Last week acres of UK media time were given up to the news item of the century. Listening to it, anyone would have thought the entire nation was going to be turned upside down and impending disaster was about to happen. What was all the fuss about? The introduction of a 5p charge on plastic bags in supermarkets! This should have happened years ago, why England has followed limply behind other parts of the UK beats me, and of course we’ve had this here in Spain for the last five years, and nobody has lost any sleep over it! Imposing a 5p charge is fair enough, although I think it’s not enough money. But if we really want to have a cleaner world not filled with rubbish everywhere there is a much more productive answer. If you’re my age you will remember buying bottles of pop and on the label was a note which said if you returned the bottle the shopkeeper would give you 3d (that’s three old pence, worth just over one penny in today’s money). Tesco introduced a fantastic clean-up campaign a few years ago where people could earn the store’s green points by returning cans and plastic bottles, with one enterprising couple even paying for their wedding by touring the streets “Wombleing”. It didn’t surprise me the initiative didn’t last long – it probably cost too much money for Tesco. So, why can’t the government get us all collecting and recycling rubbish by paying us to do it? At a stroke, instead of kids throwing their rubbish in parks, streets and the beach you would see them taking cans, bottles and bags back to depots to supplement their pocket money. It’s a win, win. Among all the puerile rubbish reported about the introduction of the 5p charge, one story stood out. A shopper was accosted by supermarket security staff and accused of theft after she used a basket to carry her groceries to her car to avoid paying the new 5p carrier bag charge. She had been shopping for her lunch at a Tesco Extra store and decided not to pay for a plastic bag as she had one in her car. However, as she walked out of the branch with her purchased shopping in the basket she was confronted by two guards who accused her of stealing. Another shopper filmed the incident in the shop’s car park – including the moment one guard grabbed her basket after accusing her of trying to steal it. The security workers explained to her that the new 5p charge for bags had seen a rise in the number of people using baskets to carry goods to their cars, with some taking them home. ‘I hadn’t even got to my car when the security guards chased me and then grabbed my basket and wouldn’t let go,’ she said. Apparently there have been many other similar incidents all because of the 5p bag charge. Is it rocket science to get people to keep a few re-usable bags in the boots of their cars and get them out when they go shopping? “Every little helps”, as Tesco might say if they used some common sense!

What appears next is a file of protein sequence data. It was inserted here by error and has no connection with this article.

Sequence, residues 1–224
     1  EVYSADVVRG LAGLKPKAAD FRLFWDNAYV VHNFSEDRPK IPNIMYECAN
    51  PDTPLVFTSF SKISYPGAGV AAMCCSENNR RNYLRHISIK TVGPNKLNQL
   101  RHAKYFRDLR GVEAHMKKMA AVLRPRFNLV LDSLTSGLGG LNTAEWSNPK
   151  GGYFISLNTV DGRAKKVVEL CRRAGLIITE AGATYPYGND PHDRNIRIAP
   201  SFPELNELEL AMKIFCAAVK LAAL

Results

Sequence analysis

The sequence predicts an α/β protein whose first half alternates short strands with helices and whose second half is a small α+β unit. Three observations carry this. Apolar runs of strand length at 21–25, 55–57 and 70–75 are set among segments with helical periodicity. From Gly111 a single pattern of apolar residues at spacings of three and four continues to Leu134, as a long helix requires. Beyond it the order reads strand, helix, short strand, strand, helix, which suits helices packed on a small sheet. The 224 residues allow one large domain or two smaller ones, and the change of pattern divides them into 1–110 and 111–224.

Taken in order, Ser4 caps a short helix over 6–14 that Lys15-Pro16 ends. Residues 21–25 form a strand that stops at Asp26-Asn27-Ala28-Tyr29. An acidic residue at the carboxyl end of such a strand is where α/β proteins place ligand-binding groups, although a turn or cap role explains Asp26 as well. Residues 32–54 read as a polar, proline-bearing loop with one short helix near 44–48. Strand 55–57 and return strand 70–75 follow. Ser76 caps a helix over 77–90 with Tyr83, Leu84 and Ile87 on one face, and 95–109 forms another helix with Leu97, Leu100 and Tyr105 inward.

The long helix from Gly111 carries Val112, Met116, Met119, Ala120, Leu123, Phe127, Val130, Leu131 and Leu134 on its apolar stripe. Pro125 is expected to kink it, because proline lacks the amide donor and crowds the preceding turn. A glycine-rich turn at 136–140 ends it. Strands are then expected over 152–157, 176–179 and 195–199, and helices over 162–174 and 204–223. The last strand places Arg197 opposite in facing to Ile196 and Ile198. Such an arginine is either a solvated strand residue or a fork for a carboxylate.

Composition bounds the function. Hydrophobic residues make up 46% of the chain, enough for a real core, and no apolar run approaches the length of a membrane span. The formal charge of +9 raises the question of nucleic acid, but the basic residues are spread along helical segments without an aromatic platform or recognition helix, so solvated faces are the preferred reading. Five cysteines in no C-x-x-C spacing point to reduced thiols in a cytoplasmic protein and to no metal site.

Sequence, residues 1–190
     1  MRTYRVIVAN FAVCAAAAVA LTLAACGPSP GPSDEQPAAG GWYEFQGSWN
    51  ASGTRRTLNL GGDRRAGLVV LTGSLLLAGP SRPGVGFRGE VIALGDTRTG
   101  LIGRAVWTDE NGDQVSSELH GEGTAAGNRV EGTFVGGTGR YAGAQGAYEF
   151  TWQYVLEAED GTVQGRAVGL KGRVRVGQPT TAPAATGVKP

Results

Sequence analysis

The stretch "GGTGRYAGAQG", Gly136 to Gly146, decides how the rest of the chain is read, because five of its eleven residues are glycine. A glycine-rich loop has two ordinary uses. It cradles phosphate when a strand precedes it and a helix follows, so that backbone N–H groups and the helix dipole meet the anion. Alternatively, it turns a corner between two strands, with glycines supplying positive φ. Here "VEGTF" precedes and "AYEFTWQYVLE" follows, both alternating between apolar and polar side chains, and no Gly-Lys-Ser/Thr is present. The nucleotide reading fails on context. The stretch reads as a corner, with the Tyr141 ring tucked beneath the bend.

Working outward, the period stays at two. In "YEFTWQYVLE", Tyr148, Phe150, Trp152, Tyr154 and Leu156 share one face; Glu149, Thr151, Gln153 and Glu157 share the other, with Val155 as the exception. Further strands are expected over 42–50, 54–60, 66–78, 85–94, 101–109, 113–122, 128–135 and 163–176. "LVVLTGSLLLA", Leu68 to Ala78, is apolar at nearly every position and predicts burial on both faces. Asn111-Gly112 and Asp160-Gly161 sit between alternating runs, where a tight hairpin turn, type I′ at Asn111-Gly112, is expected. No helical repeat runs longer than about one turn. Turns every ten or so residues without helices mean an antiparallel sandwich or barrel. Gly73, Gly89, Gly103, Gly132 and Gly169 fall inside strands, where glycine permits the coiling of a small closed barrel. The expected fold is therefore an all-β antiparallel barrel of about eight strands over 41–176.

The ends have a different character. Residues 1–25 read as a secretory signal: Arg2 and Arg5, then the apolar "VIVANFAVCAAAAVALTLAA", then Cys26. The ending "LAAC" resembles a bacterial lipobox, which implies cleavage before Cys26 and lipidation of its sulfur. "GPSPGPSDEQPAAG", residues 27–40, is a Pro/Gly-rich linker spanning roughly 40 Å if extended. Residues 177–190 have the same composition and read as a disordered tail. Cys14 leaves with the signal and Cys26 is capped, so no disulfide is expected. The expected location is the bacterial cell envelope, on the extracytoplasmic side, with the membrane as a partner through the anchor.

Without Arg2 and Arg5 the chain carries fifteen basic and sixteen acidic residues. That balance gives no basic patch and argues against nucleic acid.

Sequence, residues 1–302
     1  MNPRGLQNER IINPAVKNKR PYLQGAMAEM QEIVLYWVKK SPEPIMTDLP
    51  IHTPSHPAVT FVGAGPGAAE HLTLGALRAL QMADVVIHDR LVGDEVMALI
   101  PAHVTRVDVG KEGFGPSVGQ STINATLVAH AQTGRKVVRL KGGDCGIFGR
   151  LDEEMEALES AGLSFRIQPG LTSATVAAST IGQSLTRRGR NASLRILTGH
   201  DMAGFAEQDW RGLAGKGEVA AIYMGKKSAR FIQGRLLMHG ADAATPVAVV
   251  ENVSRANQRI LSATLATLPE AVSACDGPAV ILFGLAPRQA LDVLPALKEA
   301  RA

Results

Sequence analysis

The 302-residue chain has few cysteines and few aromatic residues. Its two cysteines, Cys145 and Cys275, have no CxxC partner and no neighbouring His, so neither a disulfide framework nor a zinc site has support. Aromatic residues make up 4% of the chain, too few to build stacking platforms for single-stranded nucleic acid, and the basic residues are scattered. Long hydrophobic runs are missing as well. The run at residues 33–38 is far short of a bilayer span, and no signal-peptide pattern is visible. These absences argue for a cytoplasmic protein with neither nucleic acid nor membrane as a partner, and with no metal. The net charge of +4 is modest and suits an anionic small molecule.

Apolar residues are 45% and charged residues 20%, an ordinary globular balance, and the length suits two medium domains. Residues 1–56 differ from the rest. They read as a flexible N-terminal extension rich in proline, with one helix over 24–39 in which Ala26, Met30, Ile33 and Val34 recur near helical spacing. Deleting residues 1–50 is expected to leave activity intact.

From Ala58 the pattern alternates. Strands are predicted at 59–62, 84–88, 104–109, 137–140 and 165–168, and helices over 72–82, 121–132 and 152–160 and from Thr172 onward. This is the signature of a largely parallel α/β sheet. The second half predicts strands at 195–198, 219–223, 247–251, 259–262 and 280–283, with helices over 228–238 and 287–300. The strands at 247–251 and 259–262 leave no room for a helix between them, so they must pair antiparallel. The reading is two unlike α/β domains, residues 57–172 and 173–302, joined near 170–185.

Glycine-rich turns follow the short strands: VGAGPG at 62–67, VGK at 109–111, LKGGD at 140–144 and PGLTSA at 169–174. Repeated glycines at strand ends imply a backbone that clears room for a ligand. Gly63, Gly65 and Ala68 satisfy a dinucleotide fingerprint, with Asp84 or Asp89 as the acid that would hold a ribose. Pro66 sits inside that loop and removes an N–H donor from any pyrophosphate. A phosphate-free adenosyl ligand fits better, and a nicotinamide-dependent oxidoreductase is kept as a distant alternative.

Isn’t it plan crazy that a 77-year-old man was allowed to drive a bus which ploughed into the front of a Coventry supermarket killing two people? This is just plain crazy. The bus company said: “No driver we employ is allowed behind the wheel of our buses without us being satisfied that they are fully qualified, safe and meet all necessary legal requirements. In this case, our driver has many years’ experience and has also passed a mandatory annual medical.” The driver was a former mayor and from reports was an all-round good chap. That is all very well, but I challenge anyone to prove to me that someone aged 77 has as quick a reaction as someone say in his 40s. And can anyone suggest that a person aged 77 is as unlikely to suffer a sudden heart attack or stroke than someone aged 40?
People should not have their lives put at risk by a person aged 77 driving a public service vehicle.
Oh yes, it’s UK government policy to allow people to continue working beyond retirement age, but surely not in jobs such as bus, train or lorry drivers and other occupations where people can be put at increased risk.